from the interview: "If you can't measure something, you can't improve it. And I believe that this next decade will have fundamental breakthroughs in the ubiquity and capability of sensors. In the future everybody will be wired and we'll be dribbling bits—bits about blood chemistry, cardiovascular status, neural status—and those bits will be analyzed by AI and you'll be told if anything is in deviation. Your physician might be monitoring you. And the health world will become proactive versus reactive, which it is right now. And in the same way that we're creating sensors to measure the human body's status, we want to create sensors to understand the ocean's status—changes in acidity and how the ocean is being transformed. Having knowledge of what actually is going on allows you to make smart decisions. We have changed the atmospheric quality of the United States by having regulations that require catalytic converters, that require smokestack scrubbers. But regulatory change doesn't come until you have irrefutable data to prove there's a problem. And maybe the next X Prize will be where scientists figure out a mechanism for reversing acidification or regrowing reefs."


Read more: X Prize's Peter Diamandis: The Techno-Optimist - Popular Mechanics 
Follow us: @PopMech on Twitter | popularmechanics on Facebook 
Visit us at PopularMechanics.com

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What Is It Like to Be a Mathematician?

What Is It Like to Be a Mathematician? | Writing, Research, Applied Thinking and Applied Theory: Solutions with Interesting Implications, Problem Solving, Teaching and Research driven solutions | Scoop.it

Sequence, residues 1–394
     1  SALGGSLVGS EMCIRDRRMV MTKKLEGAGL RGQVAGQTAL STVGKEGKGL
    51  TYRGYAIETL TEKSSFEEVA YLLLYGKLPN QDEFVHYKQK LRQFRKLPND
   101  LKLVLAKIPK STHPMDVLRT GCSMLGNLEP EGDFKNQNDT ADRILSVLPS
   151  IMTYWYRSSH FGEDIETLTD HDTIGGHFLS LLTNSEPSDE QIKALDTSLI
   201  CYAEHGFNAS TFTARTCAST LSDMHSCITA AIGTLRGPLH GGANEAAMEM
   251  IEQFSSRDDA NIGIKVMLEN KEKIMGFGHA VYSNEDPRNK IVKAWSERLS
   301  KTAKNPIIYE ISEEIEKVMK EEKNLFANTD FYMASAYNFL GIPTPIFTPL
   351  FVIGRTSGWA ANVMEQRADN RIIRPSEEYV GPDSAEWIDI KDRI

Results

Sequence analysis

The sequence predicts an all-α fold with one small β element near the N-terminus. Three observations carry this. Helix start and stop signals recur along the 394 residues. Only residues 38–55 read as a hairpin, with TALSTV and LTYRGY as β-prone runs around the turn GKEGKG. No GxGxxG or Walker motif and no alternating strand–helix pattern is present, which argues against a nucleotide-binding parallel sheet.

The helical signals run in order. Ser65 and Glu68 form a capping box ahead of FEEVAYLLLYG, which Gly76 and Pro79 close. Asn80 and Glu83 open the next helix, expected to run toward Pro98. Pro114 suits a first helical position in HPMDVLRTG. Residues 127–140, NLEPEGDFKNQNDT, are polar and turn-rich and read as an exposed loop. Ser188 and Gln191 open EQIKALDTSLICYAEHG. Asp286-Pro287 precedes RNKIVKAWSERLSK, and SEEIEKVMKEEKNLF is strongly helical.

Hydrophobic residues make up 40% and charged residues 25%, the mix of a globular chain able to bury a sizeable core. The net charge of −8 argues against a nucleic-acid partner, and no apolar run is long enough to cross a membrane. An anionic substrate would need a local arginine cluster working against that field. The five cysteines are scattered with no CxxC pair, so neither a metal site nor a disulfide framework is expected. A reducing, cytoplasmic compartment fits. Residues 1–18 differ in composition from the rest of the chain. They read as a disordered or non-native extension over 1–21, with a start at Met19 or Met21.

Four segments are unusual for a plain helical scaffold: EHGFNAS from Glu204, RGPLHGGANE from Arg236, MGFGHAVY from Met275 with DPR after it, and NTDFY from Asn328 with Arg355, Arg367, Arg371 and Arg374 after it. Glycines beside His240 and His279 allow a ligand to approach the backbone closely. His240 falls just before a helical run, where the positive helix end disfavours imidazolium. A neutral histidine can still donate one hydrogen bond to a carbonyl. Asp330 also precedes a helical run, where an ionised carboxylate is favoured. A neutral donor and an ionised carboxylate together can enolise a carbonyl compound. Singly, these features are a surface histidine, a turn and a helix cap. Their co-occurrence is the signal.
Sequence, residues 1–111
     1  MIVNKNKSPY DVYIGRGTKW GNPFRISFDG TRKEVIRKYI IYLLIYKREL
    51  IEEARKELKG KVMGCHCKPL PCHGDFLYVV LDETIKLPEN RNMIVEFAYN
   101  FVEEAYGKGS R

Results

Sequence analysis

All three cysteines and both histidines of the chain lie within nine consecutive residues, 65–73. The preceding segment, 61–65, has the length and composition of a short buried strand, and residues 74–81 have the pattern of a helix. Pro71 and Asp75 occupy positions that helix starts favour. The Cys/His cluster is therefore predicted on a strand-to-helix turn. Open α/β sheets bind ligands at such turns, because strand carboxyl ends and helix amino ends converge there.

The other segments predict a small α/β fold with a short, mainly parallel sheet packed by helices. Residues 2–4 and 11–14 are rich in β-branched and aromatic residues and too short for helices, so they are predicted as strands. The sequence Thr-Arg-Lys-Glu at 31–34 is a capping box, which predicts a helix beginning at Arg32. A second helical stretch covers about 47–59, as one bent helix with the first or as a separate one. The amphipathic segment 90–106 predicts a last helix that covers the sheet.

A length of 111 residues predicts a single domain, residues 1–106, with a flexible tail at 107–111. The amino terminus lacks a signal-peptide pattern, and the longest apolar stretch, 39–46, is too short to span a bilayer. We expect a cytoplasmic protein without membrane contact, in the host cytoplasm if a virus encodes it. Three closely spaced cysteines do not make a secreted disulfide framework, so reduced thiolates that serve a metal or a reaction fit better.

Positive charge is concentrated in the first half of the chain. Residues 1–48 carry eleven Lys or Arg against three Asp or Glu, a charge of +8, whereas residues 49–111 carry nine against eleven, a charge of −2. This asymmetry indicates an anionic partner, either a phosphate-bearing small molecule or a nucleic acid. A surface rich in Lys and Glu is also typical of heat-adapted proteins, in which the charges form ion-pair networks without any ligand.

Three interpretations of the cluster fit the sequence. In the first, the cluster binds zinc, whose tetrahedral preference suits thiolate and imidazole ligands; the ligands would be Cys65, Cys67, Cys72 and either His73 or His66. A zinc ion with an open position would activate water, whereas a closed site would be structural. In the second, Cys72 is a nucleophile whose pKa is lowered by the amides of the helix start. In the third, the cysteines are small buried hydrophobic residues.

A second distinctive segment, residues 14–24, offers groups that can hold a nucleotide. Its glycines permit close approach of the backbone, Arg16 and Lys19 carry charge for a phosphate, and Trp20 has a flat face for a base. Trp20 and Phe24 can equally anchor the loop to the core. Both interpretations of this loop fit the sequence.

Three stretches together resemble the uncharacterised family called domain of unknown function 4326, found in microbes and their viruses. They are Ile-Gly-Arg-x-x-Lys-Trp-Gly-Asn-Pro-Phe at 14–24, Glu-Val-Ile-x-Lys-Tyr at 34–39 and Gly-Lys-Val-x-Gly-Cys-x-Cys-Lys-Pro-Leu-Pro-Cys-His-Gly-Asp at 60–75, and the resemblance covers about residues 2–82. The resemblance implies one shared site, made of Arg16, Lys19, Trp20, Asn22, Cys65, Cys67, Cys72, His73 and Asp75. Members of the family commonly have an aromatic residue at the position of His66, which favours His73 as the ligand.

Mathematician Edward Frenkel of the University of California–Berkeley wants to expose the beauty of mathematics, inspire awe at its power, and challenge his colleagues to wield it for good. His new book is Love and Math: The Heart of Hidden Reality.
Sharrock's insight:

"I believe that physical reality as we know it and the world of mathematical ideas are two separate worlds, and neither can subjugate the other. For example, we talk about the standard model of physics, which has been very successful in predicting a whole range of phenomena. Of course, the discovery of the Higgs boson last summer was abig trial for the standard model. But from a mathematical perspective, it is just one of a tremendous class of models. We don't observe the others in our reality, but do they exist? Well, one can argue that they do in the ideal world of mathematics." --Edward Frenkel

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Turning biologists into programmers | Penn State University

Turning biologists into programmers | Penn State University | Writing, Research, Applied Thinking and Applied Theory: Solutions with Interesting Implications, Problem Solving, Teaching and Research driven solutions | Scoop.it
For more than half a century scientists have looked on the DNA molecule as life's blueprint, but biological engineers are beginning to see the molecule not as a static plan, but more like a snippet of life's computer code that they can program.

Via Xaos
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Anna Leahy: 5 Women Who Should Have Won the Nobel Prize

Anna Leahy: 5 Women Who Should Have Won the Nobel Prize | Writing, Research, Applied Thinking and Applied Theory: Solutions with Interesting Implications, Problem Solving, Teaching and Research driven solutions | Scoop.it
It's Nobel Prize season! The three big science categories -- physiology or medicine, physics, and chemistry--were just announced on Monday, Tuesday, and Wednesday. Of the eight science winners, how many are women?
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How to Understand the Deep Structures of Language: Scientific American

How to Understand the Deep Structures of Language: Scientific American | Writing, Research, Applied Thinking and Applied Theory: Solutions with Interesting Implications, Problem Solving, Teaching and Research driven solutions | Scoop.it
In an alternative to Chomsky’s "Universal Grammar," scientists explore language’s fundamental design constraints